Pussy Riot, Feminism and International Relations

The Politics and Applied Global Ethics festival last week provided a welcome opportunity for both academic staff and students to take a break from the usual schedule and to broaden their engagement with a variety of issues central to PAGE teaching and research. In a week that saw news stories of Nadezhda Tolokonnikova disappearance in prison, the showing of the BBC’s documentary ‘ Storyvillle: Pussy Riot – A Punk Prayer’ as part of the Festival proved a timely reminder the contributions of feminism and critical approaches to understanding both the internal political economy of Russia and the broader study of International Political Economy and Relations.

In the teaching of theoretical approaches of International Relations, key concepts such as anarchy, strategic bargaining, the security dilemma, or that “institutions matter” are readily understood and frame traditional IR approaches and in turn IR as a subject area. However students often have difficulty in moving move away from state centric approaches to ones which take alternative starting points to understanding the international – be those class relations or patriarchy. The Storyville documentary and its portrayal of feminist activists fighting against an authoritarian regime and their treatment by the judiciary, helped students to understand the concept of patriarchy within the state –church nexus and how this informs the construction of gender identity and relations. Furthermore it developed students’ appreciation of how this focus on gender relations within state-society relations shapes understandings of the international via the contextualisation of these within the collapse Communism and its replacement with a particular form of authoritarian, oligopolistic capitalism, through to the centrality of networks of support and solidarity facilitated through international media and ICTs. In turn it made apparent how the international shapes this particular form of activism and expression, and opens up questions about how the global social media support for Pussy Riot might offer incipient support to the notion of a global civil society.

The documentary explored how liberalisation in Russia brought the resurgence of patriarchal religious orthodoxy supportive of and supported by Putin and hence provoked the feminist ‘Punk Prayer’ at the altar of the Cathedral of Christ the Saviour in Moscow. Similarly the tensions of transition from communism to a post glasnost social order were highlighted in the experience of novel forms performance art that were not embedded within liberal understandings of that art form.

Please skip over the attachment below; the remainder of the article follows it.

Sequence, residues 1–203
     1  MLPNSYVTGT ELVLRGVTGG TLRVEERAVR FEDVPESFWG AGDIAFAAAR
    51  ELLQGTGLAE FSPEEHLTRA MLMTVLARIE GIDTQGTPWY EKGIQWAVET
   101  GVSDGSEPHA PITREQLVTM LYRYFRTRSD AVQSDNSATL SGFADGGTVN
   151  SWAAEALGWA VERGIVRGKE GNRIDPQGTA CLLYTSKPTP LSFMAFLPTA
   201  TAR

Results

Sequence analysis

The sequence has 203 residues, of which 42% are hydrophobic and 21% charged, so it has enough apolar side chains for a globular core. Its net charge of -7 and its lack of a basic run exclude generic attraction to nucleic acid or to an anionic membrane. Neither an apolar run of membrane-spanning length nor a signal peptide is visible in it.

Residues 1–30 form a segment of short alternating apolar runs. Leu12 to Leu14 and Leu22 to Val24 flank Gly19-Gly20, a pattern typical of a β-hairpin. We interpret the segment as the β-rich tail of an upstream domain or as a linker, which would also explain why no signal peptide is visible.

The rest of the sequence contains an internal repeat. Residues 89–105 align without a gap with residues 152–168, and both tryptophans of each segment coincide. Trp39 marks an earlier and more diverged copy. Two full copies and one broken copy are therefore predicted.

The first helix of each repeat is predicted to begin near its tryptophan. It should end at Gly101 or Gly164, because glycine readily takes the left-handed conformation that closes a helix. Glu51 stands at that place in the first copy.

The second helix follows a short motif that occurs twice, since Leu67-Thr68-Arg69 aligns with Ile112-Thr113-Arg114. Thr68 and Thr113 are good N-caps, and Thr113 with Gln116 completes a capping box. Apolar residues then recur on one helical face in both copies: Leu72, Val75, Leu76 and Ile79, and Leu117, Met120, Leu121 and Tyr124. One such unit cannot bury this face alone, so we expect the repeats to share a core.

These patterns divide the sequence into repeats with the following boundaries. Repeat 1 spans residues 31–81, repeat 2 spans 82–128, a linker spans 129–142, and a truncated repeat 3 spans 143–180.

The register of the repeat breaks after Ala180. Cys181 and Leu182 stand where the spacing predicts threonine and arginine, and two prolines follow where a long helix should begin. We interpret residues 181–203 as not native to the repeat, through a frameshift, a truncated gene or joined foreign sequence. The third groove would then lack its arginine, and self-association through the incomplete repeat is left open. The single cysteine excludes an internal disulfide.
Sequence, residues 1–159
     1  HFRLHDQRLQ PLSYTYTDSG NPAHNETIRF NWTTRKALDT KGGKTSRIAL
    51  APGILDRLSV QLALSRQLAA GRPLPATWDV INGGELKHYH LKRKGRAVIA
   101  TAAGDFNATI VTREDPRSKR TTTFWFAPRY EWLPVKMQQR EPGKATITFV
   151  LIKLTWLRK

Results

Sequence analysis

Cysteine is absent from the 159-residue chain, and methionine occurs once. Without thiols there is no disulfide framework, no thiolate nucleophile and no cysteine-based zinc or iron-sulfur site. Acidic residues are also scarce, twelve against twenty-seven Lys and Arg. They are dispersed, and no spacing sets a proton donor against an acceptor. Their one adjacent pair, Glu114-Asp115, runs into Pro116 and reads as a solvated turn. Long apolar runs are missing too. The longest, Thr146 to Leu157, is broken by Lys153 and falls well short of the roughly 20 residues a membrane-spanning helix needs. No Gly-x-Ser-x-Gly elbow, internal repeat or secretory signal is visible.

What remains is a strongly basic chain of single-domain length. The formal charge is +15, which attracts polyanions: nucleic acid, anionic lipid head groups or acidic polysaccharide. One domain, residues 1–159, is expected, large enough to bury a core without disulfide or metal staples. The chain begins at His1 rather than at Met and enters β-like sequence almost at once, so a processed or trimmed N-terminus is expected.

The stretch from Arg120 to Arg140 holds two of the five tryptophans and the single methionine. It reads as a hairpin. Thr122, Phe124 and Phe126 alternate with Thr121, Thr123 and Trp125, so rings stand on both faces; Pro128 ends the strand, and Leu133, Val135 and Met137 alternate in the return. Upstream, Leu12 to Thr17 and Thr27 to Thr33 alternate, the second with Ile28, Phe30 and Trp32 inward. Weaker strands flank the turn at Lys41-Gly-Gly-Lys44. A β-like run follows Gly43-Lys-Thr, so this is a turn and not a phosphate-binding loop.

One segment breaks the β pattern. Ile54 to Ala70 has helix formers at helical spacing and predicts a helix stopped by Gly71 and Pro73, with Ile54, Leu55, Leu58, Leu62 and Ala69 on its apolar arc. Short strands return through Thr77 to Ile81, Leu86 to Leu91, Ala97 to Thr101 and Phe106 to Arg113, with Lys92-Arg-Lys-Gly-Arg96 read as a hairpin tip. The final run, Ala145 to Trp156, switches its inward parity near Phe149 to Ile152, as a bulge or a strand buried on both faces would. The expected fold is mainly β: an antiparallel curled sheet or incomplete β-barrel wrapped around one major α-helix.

On Thursday 7th November the news broke that Tolokonnikova had gone missing, presumed in transit to a penal colony in Siberia to continue her 2 year prison sentence. Her whereabouts is still unclear, however reports suggest she is in a prison clinic, having begun a hunger strike in protest against her treatment in the penal colony. Family, friends, feminists and solidarity networks around the world are pressuring the Russian state via social and global media in an attempt to keep her and Pussy Riot in the public eye. At the Etihad Football stadium, a ‘Free Pussy Riot’ banner was unfurled, and quickly removed by stewards, at the Manchester City game against CSKA Moscow. In the same week the world’s media attention and activist networks are focussed on the 30 Greenpeace ‘pirates’ suffering similarly harsh treatment in Russian Courts. What these and the Pussy Riot 2 share is that their political messages are able to raise global attention and shared concern (particularly when contextualised within the recent revitalisation of feminist movements and activism). However the plight of Taisiya Osipova, the wife of a  leader in the  Other Russia movement, hasn’t garnered similar concern, perhaps as her cause is one of Bolshevik nationalism. The international campaign to free Osipova and has raised little media attention, yet her experience too reflects and is reflective of the indivisibility of domestic and international understandings of class and gender relations

  http://www.theguardian.com/world/2012/aug/28/russia-taisiya-osipova-jailed-drugs

http://www.bbc.co.uk/news/world-europe-19397203

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One thought on “Pussy Riot, Feminism and International Relations

  1. Pingback: The Fifth Annual Politics and Applied Global Ethics Festival | LeedsPAGE

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